I began yesterday by saying to you that I didn’t come here to tell you something that you don’t know but to remind you of what you must never forget. Can I ask you: Are you all in? Are you all in? Remember—is it Brutus to Cassius or Cassius to Brutus?—he says, “There is a tide in the affairs of men, which, taken at the flood, leads on to [greatness].” And I’ve discovered that there are moments in my life—that there are times, there are occasions—and these couple of days may just have been, in the providence of God, one of those moments, one of those times for you. If it has been, then I invite you now to bow with me, and we’ll pray. And we’ll ask God to write these two verses in our minds and on our hearts so that we might be all in for him.
Let us pray:
O God our Father, we thank you that you speak to us by the Holy Spirit through your Word, the Bible. And so we pray that we might receive the Scriptures from yourself—that beyond the voice of a mere man we might hear the insistent, gentle, stirring call to present our bodies as a living sacrifice, wholly acceptable to you, a spiritual act of worship—not to be conformed by the thinking of our day but to be transformed by the renewing of our mind, so that we might discover that your will is really the best and that we might commit to doing it. Hear our prayers, and let our cries come unto you. For Jesus’ sake we ask it. Amen.
 John Murray, The Epistle to the Romans: The English Text with Introduction, Exposition and Notes (1968; repr., Grand Rapids: Eerdmans, 1997), 2:112.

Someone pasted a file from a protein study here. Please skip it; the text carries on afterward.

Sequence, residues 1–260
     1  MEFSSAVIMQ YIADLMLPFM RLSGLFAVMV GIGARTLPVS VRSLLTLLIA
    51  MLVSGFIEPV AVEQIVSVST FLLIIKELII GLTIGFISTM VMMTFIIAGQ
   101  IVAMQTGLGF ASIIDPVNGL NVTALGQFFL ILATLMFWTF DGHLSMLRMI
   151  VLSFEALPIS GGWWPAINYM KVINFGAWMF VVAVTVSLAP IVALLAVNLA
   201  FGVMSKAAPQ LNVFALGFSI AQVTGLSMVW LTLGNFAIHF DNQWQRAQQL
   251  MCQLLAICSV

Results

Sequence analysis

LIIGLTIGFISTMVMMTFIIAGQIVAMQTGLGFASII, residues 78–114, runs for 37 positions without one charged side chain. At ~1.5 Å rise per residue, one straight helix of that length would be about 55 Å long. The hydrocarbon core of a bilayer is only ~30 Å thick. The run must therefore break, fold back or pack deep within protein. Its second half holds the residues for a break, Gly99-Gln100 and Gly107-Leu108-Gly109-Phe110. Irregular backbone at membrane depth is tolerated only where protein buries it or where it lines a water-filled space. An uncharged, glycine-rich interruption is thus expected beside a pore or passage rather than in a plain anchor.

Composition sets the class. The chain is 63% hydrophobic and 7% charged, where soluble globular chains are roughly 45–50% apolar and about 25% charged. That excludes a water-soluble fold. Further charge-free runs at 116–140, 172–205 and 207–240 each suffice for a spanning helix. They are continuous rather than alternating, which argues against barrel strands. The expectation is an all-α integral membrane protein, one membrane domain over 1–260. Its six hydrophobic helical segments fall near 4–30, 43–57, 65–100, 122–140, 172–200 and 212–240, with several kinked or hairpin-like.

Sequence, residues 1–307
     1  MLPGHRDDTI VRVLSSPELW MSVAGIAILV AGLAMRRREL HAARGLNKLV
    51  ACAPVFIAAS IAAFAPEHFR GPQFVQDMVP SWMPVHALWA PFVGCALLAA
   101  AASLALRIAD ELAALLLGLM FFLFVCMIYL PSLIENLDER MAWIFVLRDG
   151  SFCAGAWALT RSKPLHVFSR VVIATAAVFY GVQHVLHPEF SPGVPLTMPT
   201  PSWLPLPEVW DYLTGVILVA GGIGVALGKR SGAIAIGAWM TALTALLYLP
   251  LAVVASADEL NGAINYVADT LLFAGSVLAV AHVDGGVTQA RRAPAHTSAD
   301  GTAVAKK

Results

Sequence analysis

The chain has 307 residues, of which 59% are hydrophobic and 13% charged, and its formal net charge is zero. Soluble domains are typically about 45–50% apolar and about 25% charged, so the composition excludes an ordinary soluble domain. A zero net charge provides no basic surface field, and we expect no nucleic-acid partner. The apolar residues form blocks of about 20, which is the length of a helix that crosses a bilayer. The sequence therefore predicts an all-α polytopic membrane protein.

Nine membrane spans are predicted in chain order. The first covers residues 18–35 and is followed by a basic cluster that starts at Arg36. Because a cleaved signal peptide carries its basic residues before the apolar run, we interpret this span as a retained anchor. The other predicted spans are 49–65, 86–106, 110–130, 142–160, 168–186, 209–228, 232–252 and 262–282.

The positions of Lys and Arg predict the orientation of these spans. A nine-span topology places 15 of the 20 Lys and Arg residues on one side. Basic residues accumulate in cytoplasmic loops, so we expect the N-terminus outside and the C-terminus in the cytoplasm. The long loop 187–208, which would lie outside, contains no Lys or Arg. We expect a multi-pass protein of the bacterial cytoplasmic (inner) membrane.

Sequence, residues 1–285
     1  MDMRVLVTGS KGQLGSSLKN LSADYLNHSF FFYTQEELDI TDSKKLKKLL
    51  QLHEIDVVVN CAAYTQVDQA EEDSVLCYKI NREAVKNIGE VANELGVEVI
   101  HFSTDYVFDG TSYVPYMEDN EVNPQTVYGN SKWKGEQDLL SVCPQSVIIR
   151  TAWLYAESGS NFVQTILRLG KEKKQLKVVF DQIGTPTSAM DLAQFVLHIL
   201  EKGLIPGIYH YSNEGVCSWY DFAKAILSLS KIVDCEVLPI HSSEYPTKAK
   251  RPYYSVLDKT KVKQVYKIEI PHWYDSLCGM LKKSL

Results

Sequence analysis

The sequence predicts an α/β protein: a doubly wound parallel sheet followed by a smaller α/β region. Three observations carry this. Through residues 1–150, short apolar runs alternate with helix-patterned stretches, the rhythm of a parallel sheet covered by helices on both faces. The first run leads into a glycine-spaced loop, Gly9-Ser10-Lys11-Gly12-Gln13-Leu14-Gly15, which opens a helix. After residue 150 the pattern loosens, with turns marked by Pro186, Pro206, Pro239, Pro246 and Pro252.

Romans 8:5‒8 (ESV).
 Romans 8:9 (paraphrased).
 C. S. Lewis, “Is Theology Poetry?,” in The Weight of Glory (1949; repr., 2001: New York, HarperOne), 140. Paraphrased.
 Romans 1:20‒21 (ESV).
 Donald Macleod, A Faith to Live By: Understanding Christian Doctrine (Fearn, Great Britain: Christian Focus, 2010), 106.
 Bruce Milne, Know the Truth: A Handbook of Christian Belief, 3rd ed. (Downers Grove, IL: InterVarsity, 2009), 26.
 1 Corinthians 1:18 (paraphrased).
 See Romans 8:29.
 See 2 Corinthians 3:18.
 See 1 John 3:2.
 Joachim Neadner, trans. Catherine Winkworth, “Praise to the Lord, the Almighty” (1680/1863).
 T. S. Eliot, “The Naming of Cats” (1939).
 Matthew 18:3 (paraphrased).
 Mark 9:35 (paraphrased). See also Matthew 20:26; Mark 10:44.
 Matthew 16:25 (paraphrased). See also Mark 8:35; Luke 9:24.
 Matthew 5:29–30 (paraphrased). See also Matthew 18:8.
 See Luke 12:15.
 Paul Simon, “America” (1968).
 Dan Barry, “Boomers Hit New Self-Absorption Milestone: Age 65,” New York Times, December 31, 2010, https://www.nytimes.com/2011/01/01/us/01boomers.html.
 Susan Neimann, “What It All Means,” review of All Things Shining, by Hubert Dreyfuss and Sean Dorrance Kelly, New York Times, January 20, 2011, Sunday Book Review, https://archive.nytimes.com/www.nytimes.com/2011/01/23/books/review/Neiman-t.html. Eric Ormsby, “The Gods Return,” review of All Things Shining, by Hubert Dreyfuss and Sean Dorrance Kelly, Wall Street Journal, December 10, 2010, https://www.wsj.com/articles/SB10001424052748704278404576038040647824156.
 See Psalm 119:105.
 Acts 17:24 (paraphrased).
 William Shakespeare, Julius Caesar, 4.3.
Copyright © 2022, Alistair Begg. Used by permission. All rights reserved.
Unless otherwise indicated, all Scripture quotations for sermons preached on or after November 6, 2011 are taken from The ESV® Bible (The Holy Bible, English Standard Version®), copyright © 2001 by Crossway, a publishing ministry of Good News Publishers. Used by permission. All rights reserved.
For sermons preached before November 6, 2011, unless otherwise indicated, all Scripture quotations are taken from The Holy Bible, New International Version® (NIV®), copyright © 1973 1978 1984 by Biblica, Inc.TM Used by permission. All rights reserved worldwide.